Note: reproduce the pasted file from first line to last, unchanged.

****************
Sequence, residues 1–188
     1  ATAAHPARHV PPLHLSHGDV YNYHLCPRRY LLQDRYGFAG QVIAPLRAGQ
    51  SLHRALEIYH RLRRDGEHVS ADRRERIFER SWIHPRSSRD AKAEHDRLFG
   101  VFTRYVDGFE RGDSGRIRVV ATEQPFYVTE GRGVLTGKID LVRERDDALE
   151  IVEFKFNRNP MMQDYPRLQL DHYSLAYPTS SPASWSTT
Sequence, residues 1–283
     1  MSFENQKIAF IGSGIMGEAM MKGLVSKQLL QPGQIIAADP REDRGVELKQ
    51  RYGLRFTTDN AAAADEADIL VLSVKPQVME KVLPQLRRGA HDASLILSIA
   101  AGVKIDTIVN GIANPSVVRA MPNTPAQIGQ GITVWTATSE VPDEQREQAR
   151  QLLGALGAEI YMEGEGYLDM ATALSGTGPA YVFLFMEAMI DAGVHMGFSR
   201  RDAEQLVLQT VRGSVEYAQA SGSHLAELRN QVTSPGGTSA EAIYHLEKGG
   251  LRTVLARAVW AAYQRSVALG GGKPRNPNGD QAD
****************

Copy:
Sequence, residues 1–188
     1  ATAAHPARHV PPLHLSHGDV YNYHLCPRRY LLQDRYGFAG QVIAPLRAGQ
    51  SLHRALEIYH RLRRDGEHVS ADRRERIFER SWIHPRSSRD AKAEHDRLFG
   101  VFTRYVDGFE RGDSGRIRVV ATEQPFYVTE GRGVLTGKID LVRERDDALE
   151  IVEFKFNRNP MMQDYPRLQL DHYSLAYPTS SPASWSTT
Sequence, residues 1–283
     1  MSFENQKIAF IGSGIMGEAM MKGLVSKQLL QPGQIIAADP REDRGVELKQ
    51  RYGLRFTTDN AAAADEADIL VLSVKPQVME KVLPQLRRGA HDASLILSIA
   101  AGVKIDTIVN GIANPSVVRA MPNTPAQIGQ GITVWTATSE VPDEQREQAR
   151  QLLGALGAEI YMEGEGYLDM ATALSGTGPA YVFLFMEAMI DAGVHMGFSR
   201  RDAEQLVLQT VRGSVEYAQA SGSHLAELRN QVTSPGGTSA EAIYHLEKGG
   251  LRTVLARAVW AAYQRSVALG GGKPRNPNGD QAD